How Can You Change Someone's Mind About Food "Waste"? Cook For Them

Sarah Jampel Jan 6 , 2017

These, as Baldor calls them, SparCs—that's "scraps" spelled backwards, and part of sustainability director Thomas McQuillan's effort to rebrand the typically-discarded produce matter we call, and treat like, "waste"—are sold at a fraction of the price of their typical value. Those that are edible for humans go to the New York cooking school and restaurant Haven's Kitchen or to MISFIT Juicery in D.C. Those that humans can't consume (think cantaloupe rinds and mango pits) still make good food for pigs, chickens, or the compost pile.

But well before McQuillan was making news or working in the food services industry, he was developing his skills as a home cook. After spending two years of high school in a vocational program for food, during which he devoted half of his time learning cooking techniques in a restaurant kitchen, he stayed involved the industry and was eventually able to leverage his knowledge of cooking into his business experience.

It's logical, then, that when McQuillan first realized how important it was that Baldor put this "waste" to use—not just for environmental purposes, but also for financial ones (from a business strategy standpoint, it's smarter to make money from all parts of produce rather than pay for disposal)— he took to the kitchen, and not only to the boardroom, to convince his colleagues.

"I started cooking with it," he told me, "so that it couldn't get sent away to sanitation." McQuillan's philosophy is to not just give people an understanding that something is edible and can be delicious—but to actually show them.

One of the first dishes McQuillan made at Baldor was inspired by the sweet potato processing machine, which washes the tubers with a jettison of water and then peels them. McQuillan made a sweet potato gratin, and served it to visiting chefs, by simply incorporating those otherwise-discarded peels. The president of Baldor went in for seconds. (If you want a recipe for just the peels, we've got that, too.)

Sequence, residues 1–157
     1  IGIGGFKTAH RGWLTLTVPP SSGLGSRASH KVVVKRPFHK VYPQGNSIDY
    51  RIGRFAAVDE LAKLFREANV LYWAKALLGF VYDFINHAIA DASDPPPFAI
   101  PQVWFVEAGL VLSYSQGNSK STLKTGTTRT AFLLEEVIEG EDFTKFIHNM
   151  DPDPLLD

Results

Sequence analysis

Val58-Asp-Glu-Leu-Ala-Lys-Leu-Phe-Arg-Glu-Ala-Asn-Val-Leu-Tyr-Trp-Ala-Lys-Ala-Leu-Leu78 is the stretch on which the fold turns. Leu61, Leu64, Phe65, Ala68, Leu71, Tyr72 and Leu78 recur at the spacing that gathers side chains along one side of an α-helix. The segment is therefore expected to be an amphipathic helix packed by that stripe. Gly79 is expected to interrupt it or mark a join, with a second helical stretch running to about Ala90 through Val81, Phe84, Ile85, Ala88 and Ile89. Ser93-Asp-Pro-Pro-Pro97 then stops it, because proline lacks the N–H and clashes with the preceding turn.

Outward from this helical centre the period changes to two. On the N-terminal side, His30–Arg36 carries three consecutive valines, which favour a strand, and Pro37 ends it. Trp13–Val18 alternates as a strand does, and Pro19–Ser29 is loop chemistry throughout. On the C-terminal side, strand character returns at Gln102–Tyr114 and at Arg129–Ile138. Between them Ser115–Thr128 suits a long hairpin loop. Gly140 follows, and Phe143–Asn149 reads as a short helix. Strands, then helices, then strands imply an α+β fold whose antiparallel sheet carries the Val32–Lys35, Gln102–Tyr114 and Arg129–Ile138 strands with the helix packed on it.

When summer came, McQuillan started taking home tomato tops—previously tossed when Baldor prepared sliced or diced tomatoes for retail—to turn into sauce: "My tomato sauce became exclusively made by the top of tomatoes in fruit production."

Some day—and not too far off—McQuillan speculates that we'll see tomato tops, carrot peels, and asparagus bottoms (which can be dehydrated in a low oven overnight, then ground into a powder and used to bind meatballs or partially replace flour in a pizza dough)—as valuable ingredients, both in terms of nutrition and taste. And we'll stop throwing them away by default. After all, there was a (sad) time when potato skins were discarded rather than filled with bacon and cheese and served as bar snacks.

But it's not only in the work setting that McQuillan enacts his philosophy. He turns his job into what he calls "a fun project" after hours, too: "If I’m invited over to a friend's house, I look in their fridge and make dinner from what they have. And I'll show them how many things they can create out of what's in the refrigerator. Chances are, you don’t need to go to the grocery store — you can make a meal of what you already have."